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For those looking for another glimpse of The Rock in Brett Ratner’s upcoming Hercules, you’re in all sorts of luck. There are two different versions of the first full-length trailer for Hercules floating around the Internet today. Both versions feature a burly version of Hercules played by the Dwayne Johnson, with traps bigger than mountains and abs cut like craggy Greek cliffs. But beyond the rock’s demi-god physique and similar encounters with ancient beasts and hellish creatures, differences start to emerge between the two. While much of the narrative and action is the same, the tone of the two clips are pretty different, and seeing two versions of the same film has us wondering which one will be more indicative of the final product come July.
This first version of the trailer takes itself rather seriously. Here, a grieving Hercules seeks justice after the gods murder his family. This trailer is a tale of vengeance, and Hercules is given a darker agency. The music that swells beneath the action is ominous; even a mournful version of a Queens of the Stone Age song finds its way all the way back to Ancient Greece. Hercules’ struggle has extra gravity, but there’s a certain disconnect between the trailer’s tone and the visuals. Slo-mo boar killing and a hero with a lion for a hat probably shouldn’t be taken so seriously, and a good joke or two would make everything feel more balanced here.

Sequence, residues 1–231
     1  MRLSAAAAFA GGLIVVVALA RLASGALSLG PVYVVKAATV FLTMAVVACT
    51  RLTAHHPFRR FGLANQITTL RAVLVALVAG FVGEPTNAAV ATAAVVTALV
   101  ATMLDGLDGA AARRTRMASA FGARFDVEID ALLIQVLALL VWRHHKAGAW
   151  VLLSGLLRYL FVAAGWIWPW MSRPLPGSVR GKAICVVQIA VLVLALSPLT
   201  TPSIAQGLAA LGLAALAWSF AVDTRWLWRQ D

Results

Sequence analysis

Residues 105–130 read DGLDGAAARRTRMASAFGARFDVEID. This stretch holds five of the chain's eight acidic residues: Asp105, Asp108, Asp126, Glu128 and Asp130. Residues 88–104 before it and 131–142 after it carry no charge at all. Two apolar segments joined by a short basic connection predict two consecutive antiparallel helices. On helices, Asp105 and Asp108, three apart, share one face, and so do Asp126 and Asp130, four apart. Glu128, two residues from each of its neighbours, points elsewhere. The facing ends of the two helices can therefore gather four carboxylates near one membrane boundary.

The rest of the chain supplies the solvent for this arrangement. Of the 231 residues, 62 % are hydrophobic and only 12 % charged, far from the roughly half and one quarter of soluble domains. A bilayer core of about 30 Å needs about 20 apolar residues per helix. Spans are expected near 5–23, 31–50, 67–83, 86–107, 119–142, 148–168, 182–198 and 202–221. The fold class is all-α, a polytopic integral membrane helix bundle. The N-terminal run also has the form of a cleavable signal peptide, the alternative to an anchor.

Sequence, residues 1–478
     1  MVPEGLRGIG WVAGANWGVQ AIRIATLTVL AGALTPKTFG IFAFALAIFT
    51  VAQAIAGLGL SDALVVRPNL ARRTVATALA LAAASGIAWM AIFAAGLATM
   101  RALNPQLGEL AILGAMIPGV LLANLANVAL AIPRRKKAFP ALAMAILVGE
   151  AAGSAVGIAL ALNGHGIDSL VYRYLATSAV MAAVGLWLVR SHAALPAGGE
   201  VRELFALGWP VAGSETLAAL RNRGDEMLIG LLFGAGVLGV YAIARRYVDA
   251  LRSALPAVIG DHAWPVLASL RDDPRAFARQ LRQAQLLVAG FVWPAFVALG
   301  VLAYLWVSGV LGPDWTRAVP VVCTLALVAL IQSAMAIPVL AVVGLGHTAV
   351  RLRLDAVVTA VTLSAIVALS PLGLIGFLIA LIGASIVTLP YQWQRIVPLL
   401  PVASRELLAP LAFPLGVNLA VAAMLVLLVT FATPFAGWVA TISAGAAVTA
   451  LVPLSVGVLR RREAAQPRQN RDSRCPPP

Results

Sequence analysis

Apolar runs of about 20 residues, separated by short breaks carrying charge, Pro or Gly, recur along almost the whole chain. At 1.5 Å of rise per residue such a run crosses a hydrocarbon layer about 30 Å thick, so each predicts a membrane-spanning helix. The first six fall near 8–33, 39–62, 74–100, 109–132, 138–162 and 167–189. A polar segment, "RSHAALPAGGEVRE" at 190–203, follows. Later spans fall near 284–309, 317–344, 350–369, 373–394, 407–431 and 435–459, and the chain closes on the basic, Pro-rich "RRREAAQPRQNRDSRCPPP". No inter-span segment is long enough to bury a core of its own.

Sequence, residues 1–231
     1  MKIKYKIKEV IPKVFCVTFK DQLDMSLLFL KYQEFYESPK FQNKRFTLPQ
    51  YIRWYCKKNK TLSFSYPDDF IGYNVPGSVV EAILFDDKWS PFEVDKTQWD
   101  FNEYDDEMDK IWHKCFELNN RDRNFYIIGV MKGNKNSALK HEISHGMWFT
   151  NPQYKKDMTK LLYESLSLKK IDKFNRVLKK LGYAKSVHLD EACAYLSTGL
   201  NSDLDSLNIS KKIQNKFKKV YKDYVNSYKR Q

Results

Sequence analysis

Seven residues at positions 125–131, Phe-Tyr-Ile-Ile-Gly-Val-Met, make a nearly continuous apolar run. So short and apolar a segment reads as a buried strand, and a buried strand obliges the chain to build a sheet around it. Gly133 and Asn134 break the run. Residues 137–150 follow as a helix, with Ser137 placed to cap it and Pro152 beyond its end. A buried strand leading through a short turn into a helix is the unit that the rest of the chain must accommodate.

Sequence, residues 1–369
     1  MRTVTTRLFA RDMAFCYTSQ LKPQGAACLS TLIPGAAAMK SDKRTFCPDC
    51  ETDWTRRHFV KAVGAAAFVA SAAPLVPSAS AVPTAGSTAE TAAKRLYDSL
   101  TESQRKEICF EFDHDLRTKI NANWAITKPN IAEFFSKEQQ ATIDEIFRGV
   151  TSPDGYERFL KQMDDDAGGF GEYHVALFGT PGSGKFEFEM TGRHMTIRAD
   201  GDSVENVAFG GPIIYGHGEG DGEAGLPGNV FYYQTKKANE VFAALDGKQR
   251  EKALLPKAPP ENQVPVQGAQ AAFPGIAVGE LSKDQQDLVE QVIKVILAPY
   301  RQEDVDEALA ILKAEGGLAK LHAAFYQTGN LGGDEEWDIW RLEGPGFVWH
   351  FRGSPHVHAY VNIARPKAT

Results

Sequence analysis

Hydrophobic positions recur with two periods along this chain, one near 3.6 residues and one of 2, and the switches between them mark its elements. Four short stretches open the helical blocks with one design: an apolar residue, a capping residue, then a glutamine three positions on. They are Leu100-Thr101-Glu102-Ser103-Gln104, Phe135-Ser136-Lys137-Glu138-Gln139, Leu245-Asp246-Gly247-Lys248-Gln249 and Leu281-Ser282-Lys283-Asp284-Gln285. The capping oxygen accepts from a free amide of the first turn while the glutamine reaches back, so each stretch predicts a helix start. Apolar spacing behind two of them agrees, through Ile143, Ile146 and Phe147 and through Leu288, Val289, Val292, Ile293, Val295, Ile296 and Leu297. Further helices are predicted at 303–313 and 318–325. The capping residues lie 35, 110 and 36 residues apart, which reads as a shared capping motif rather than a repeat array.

Here, the second version of the trailer seems a lot more fun. This take doesn’t feature Hercules’ family being murdered, and all mentions of vengeance and justice are left at the wayside. What’s left is a Hercules film that feels more bracing, perhaps even swashbuckling. We are also more thoroughly introduced to the supporting players, most notably, Ian McShane, a soothsayer who has foreseen his death, and embraces his coming demise with open arms, and much to Hercules’ annoyance, embracing death means willfully standing in the path of flaming spears. This version seems a lot more self-aware at how ridiculous the story really is, and is willing to crack jokes at itself and the source material. The other trailer feels like it’s missing the camp that this version is serving up. We’re hoping the full-length film veers closer to the tone of this second trailer.